When the environmental stain on society is too tough for traditional remedies, what cleanser does Congress reach for? The perceived cleans-all solvent, the Money Laundering Control Act (MLCA).
The Crime Control Act of 1990 added the money laundering law's remedies to the arsenal the Justice Department and the Environmental Protection Agency can use to attack environmental violators.
Commercial lenders and their attorneys have largely ignored this application of the money laundering law. It is wrongly perceived as only an anti-drug measure.
In fact, the stringent law has always covered a broad spectrum of criminal activity, and recent amendments expand the range. In the environmental area, coverage now includes felony violations of the Federal Water Pollution Control Act, the Safe Drinking Water Act, the Resources Conservation and Recovery Act, and similar statutes. With the pressure on Washington to address environmental issues, one can only assume that the MLCA may soon be regularly used in connection with environmental prosecutions.
Section 1956 of the MLCA, in general, makes it a criminal offense to knowingly engage in a financial transaction involving "proceeds of specified unlawful activity."A banker can be convicted under Section 1956 if he or she knows that the transaction is being done to: promote unlawful activity; conceal or disguise the proceeds of unlawful activity; or avoid a state or federal transaction reporting requirement. The act's section 1957 makes it unlawful to knowingly engage in monetary transactions involving criminally derived proceeds of a value greater than $10,000.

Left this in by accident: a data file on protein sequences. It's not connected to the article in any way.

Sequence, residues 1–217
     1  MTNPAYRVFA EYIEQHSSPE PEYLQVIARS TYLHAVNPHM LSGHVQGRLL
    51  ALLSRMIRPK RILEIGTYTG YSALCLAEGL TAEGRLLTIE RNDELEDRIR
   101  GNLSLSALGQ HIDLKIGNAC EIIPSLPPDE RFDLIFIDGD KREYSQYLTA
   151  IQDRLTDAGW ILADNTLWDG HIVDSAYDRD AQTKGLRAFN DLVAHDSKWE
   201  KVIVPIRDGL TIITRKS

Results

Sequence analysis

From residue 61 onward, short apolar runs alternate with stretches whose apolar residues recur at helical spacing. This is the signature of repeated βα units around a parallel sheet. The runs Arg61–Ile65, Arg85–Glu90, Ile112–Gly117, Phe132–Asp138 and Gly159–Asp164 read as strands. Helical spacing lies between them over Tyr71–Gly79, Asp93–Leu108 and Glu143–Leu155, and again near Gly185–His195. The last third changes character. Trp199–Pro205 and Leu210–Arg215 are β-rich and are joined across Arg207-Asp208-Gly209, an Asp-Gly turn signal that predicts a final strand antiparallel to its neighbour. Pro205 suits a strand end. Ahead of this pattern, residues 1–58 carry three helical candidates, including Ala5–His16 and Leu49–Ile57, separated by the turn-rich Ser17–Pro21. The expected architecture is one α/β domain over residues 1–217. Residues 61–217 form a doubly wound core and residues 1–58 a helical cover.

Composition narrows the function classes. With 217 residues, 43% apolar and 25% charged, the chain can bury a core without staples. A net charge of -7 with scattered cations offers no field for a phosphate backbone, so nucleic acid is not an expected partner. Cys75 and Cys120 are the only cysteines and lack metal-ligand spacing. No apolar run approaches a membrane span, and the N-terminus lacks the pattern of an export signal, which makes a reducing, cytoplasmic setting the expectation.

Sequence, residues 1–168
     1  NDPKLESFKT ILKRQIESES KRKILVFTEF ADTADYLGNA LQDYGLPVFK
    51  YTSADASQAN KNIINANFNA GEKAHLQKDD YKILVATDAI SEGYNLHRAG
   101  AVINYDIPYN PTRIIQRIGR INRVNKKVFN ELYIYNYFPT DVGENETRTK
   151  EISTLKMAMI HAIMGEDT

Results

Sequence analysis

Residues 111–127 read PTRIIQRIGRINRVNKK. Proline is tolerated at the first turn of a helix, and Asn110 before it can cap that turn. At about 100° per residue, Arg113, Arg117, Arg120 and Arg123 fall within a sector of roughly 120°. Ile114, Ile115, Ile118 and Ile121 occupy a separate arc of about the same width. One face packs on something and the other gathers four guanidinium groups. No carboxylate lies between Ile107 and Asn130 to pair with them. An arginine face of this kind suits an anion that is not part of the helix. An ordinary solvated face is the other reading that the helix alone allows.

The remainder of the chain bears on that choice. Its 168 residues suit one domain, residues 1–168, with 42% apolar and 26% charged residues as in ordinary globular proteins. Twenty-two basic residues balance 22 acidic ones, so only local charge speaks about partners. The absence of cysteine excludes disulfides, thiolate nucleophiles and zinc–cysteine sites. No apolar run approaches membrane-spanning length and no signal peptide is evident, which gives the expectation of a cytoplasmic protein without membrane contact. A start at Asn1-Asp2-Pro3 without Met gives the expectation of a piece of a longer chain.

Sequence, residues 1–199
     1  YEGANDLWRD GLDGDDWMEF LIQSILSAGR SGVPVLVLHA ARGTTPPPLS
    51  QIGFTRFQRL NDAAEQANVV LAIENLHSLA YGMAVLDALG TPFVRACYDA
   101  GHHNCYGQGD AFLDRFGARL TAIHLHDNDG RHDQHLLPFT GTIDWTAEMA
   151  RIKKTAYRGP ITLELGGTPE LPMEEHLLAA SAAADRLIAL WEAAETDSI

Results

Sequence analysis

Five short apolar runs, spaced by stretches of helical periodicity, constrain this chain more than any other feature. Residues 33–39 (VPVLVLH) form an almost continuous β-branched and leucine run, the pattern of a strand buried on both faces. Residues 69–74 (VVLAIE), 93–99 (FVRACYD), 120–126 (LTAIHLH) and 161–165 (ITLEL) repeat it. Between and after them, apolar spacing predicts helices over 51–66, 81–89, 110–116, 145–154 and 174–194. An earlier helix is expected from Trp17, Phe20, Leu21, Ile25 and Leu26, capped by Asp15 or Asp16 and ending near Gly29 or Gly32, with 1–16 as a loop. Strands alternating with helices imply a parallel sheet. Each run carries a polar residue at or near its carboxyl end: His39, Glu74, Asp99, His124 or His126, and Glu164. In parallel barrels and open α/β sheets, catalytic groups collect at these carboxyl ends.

How might EPA and Justice use their MLCA authority in the environmental arena? Consider the following example.
A "routine" request.
Rust Belt Bank has been asked to modify a revolving loan commitment with Green Valley Mills. Green Valley requires additional funds to improve an anti-pollution system installed with the original loan proceeds. The system isn't working satisfactorily and it is probable that hazardous chemicals have been released in excess of federal standards.
Green Valley management proposes to continue operating during the four months it will take to install the improvements. Shutting the plant down would likely drive the loan into default. At the same time, Green Valley assures the bank that any release in excess of federal standards won't likely be significant and is unlikely to be detected.
The bank, though concerned, doesn't see that it has much choice but to extend the additional credit.
Nine months later, the EPA investigates Green Valley. A year later the firm pleads guilty to charges that it violated the Clean Water Act.
Subsequently, EPA widens its investigation and it isn't long before the bank is subpoenaed by a federal grand jury investigating potential violations of the Money Laundering Control Act's sections 1956 and 1957.
It turns out that Green Valley officials testified that the company told the bank that releases could exceed federal standards.
EPA intends to demonstrate that loan payments received by the bank while Green Valley was polluting constitute receipt of proceeds of specified unlawful activity. This would put the bank under the MLCA's Section 1957.
Furthermore, EPA will attempt to make a case under Section 1956 as well. …